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Ruth Bader Ginsburg, during confirmation hearings, U. S. Supreme Court, Washington, D.C., July 21, 1993.Rob Crandall / Shutterstock.com

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September 30, 2020 (LifeSiteNews) – For years I saw Supreme Court Justice Ruth Bader Ginsburg primarily as an adversary since we were firmly entrenched on opposite sides of our nation’s abortion divide. But now that she has been laid to rest, I decided to take a comprehensive look at her life and accomplishments. I found much to admire.

Justice Ginsburg was a champion for women’s rights and as a lawyer, she argued five cases before the Supreme Court that were based on the 14th amendment’s Equal Protection Clause. She chose men as the plaintiffs in some of the cases to drive home the point that women and men must be treated equally under the law. She was victorious in all five cases.

I have three daughters and three granddaughters, so I appreciate Justice Ginsburg’s personal conviction and legal insistence that women are as capable as men. But I think she sold women short with her support of legal abortion.

In 1993 President Bill Clinton nominated Justice Ginsburg to fill the seat of Justice Byron White, one of just two justices who dissented in Roe v. Wade. During her confirmation hearings before the Senate Judiciary Committee, she said: 

“It is essential to woman’s equality with man that she be the decision maker, that her choice be controlling. If you impose restraints that impede her choice, you are disadvantaging her because of her sex.”

She herself had been disadvantaged because of her sex, taking a typist job in Oklahoma after her marriage to her college sweetheart because she was pregnant and perceived as incapable of performing the duties of the government job to which she had applied. Had abortion been legal then, it might have solved the immediate problem, but the discrimination faced by pregnant women would persist. At best, abortion circumvents problems, it doesn’t solve them. At worst, it creates many more problems.

After that child – her daughter, Jane – was born and Justice Ginsburg and her husband were students at Harvard Law, he was diagnosed with an aggressive cancer. She found herself caring for her daughter, keeping up with her own classwork and typing notes for her husband. Would her life have been easier if she had aborted that child back in Oklahoma? Probably. Do you think she ever looked back on that time of struggle and regretted having her daughter? I doubt it.

That abortion was empowering to women was a dogma that lived loudly in Justice Ginsburg but when I read her obituary in the New York Times, I was struck by a quote attributed to her in a 1988 speech. She was speaking of her victories in the Supreme Court over such things as survivor benefits for widowers and establishing that women were as capable as men to administer estates of the deceased. But this is the quote that struck me:

“To turn in a new direction, the court first had to gain an understanding that legislation apparently designed to benefit or protect women could have the opposite effect.”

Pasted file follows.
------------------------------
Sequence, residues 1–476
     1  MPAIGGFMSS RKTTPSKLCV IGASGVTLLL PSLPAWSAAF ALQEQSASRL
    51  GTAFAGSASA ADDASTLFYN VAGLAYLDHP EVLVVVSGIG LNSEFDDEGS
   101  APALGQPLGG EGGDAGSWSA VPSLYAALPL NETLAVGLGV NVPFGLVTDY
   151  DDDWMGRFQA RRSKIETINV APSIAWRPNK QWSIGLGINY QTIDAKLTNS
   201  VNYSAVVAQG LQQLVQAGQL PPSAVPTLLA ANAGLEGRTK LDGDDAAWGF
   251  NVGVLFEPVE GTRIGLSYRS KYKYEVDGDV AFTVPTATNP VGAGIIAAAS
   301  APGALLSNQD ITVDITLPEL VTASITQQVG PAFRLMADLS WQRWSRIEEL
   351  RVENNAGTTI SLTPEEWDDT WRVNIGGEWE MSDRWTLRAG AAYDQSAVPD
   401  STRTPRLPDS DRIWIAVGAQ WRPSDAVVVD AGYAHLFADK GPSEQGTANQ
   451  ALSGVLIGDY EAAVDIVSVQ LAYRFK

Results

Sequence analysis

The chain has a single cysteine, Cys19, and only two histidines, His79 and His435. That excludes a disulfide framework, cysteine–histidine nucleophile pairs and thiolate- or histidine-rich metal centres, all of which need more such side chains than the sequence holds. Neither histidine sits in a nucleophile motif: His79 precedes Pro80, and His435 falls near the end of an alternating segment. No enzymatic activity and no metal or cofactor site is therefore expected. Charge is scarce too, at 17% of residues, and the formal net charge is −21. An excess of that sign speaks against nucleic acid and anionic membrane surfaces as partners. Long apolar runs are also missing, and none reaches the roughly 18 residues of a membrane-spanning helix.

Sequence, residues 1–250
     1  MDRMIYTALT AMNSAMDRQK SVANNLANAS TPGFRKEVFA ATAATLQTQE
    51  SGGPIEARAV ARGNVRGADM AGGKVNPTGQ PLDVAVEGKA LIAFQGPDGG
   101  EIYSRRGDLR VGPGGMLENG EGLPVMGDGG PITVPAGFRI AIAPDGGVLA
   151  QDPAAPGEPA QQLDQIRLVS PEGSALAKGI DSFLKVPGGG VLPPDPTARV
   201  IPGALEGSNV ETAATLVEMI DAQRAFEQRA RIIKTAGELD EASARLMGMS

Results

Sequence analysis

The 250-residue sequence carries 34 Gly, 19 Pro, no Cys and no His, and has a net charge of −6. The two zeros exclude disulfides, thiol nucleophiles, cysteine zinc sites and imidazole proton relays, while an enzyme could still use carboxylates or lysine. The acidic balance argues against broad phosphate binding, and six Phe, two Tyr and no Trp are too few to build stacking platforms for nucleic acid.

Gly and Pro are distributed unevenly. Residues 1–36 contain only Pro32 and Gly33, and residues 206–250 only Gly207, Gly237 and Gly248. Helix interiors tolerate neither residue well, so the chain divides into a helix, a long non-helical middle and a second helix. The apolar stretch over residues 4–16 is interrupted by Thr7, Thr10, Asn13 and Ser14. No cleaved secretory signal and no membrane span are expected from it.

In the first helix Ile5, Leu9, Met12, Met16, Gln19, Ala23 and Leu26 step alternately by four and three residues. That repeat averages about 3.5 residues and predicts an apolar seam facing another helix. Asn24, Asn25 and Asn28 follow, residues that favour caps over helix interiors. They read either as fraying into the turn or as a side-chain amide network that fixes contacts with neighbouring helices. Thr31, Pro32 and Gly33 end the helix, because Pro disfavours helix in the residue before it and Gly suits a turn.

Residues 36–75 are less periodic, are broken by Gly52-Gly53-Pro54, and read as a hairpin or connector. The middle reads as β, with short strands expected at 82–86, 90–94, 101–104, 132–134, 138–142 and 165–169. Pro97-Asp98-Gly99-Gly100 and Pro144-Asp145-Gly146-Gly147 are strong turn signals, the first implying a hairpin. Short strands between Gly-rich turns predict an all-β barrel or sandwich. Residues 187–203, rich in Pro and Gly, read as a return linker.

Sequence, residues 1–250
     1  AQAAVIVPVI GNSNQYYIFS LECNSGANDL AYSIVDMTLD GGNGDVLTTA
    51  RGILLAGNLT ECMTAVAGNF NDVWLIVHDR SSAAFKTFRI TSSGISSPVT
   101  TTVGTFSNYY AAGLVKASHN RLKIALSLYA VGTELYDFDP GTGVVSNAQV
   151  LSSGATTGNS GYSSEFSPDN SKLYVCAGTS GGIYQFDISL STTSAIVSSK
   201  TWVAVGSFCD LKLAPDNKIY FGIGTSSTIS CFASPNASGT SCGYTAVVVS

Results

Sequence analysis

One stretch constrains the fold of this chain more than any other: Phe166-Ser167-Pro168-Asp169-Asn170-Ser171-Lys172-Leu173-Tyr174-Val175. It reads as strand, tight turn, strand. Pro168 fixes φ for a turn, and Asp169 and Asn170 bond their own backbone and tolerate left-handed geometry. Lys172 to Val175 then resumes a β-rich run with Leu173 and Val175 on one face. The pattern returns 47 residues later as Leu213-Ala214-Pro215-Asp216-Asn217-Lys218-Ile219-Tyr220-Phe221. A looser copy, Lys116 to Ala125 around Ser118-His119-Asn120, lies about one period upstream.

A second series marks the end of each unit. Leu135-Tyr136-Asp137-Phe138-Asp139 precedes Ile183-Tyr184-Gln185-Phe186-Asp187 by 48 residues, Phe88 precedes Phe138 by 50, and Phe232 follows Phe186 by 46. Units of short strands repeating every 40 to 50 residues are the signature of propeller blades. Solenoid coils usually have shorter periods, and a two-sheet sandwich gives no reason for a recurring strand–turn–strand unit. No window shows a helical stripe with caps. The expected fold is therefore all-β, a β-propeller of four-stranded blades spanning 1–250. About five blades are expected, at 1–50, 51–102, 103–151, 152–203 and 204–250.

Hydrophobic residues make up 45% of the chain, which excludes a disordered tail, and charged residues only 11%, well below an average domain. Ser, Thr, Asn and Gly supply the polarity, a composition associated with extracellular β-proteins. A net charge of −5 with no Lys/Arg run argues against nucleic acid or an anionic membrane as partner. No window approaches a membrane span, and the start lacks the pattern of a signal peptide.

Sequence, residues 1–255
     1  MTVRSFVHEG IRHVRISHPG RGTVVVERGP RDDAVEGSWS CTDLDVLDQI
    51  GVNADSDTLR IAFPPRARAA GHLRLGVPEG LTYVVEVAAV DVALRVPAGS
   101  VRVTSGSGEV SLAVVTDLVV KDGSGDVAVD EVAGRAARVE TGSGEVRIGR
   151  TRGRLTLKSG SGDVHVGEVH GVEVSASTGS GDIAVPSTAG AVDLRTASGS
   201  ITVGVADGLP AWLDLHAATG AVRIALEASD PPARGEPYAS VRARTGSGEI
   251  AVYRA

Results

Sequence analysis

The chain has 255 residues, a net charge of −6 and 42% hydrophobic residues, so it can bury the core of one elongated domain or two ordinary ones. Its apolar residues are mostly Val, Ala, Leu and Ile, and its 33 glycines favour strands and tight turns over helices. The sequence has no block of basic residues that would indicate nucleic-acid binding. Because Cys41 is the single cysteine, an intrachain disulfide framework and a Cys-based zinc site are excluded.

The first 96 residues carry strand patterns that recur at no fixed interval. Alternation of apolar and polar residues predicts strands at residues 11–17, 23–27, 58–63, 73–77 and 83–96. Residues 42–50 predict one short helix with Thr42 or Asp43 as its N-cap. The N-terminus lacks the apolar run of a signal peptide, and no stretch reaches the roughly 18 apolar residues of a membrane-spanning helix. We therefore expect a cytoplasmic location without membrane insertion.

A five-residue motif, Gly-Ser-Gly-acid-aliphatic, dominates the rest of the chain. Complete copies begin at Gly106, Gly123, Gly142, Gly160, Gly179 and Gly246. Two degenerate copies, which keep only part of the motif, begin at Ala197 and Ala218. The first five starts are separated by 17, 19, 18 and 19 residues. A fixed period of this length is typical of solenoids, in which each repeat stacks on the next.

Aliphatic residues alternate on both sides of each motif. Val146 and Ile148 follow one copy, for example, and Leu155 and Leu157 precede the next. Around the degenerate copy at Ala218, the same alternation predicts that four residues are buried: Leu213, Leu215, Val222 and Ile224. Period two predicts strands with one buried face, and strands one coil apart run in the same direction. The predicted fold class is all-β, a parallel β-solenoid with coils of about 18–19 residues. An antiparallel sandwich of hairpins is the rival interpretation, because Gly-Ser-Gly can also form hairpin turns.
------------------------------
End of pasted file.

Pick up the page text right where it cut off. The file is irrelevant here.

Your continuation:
The proponents of legal abortion insisted that women would benefit from being able to decide whether and when to bear children. But the psychological impact of destroying one’s own child was never mentioned by these ideologues or the abortion profiteers who rushed to set up shop the day after Roe v. Wade, nor was the real danger to women who refuse abortion ever considered. But thousands of women who have shared their abortion stories as part of the Silent No More Awareness Campaign tell harrowing tales of the true cost of abortion.

The incontrovertible proof that abortion hurts women – and men, and families – can be found in the proliferation of programs that offer healing after abortion. The largest of these is Rachel’s Vineyard, a ministry of Priests for Life that offers weekend retreats to mothers, fathers and extended families of abortion victims. Retreats are now held at 1,000 sites in 49 states and 70 countries. The ministry’s training manual has been translated into dozens of languages.

Abortion doesn’t hurt women because pro-lifers say it should. Abortion hurts women because it enables our worst instincts while negating our best. It is the nuclear weapon in the war against women.

For many years, my beautiful and courageous friend Nancy Tanner would stand outside NARAL’s annual “celebration” of Roe v. Wade holding a sign that said, “I Regret My Abortion.” Every year at least a few women heading into this macabre gala would whisper to Nancy that they also regretted their abortions, but they kept that to themselves.

Legal abortion has neither benefited nor protected women but if Justice Ginsburg ever recognized that fact, she, too, kept it to herself. She believed that Roe v. Wade was a bad legal opinion, too broad and overreaching, but she continued to insist that choice was a good thing.

I hope that Justice Ruth Bader Ginsburg rests in peace, that women continue to shatter glass ceilings and that protections for mothers who fervently want to choose life will be written into law. And I pray not only for Roe v. Wade to be overturned but for the day to come in our nation when abortion will become unthinkable.

Janet Morana is the executive director of Priests for Life and the author of Recall Abortion: Ending the Abortion Industry’s Exploitation of Women.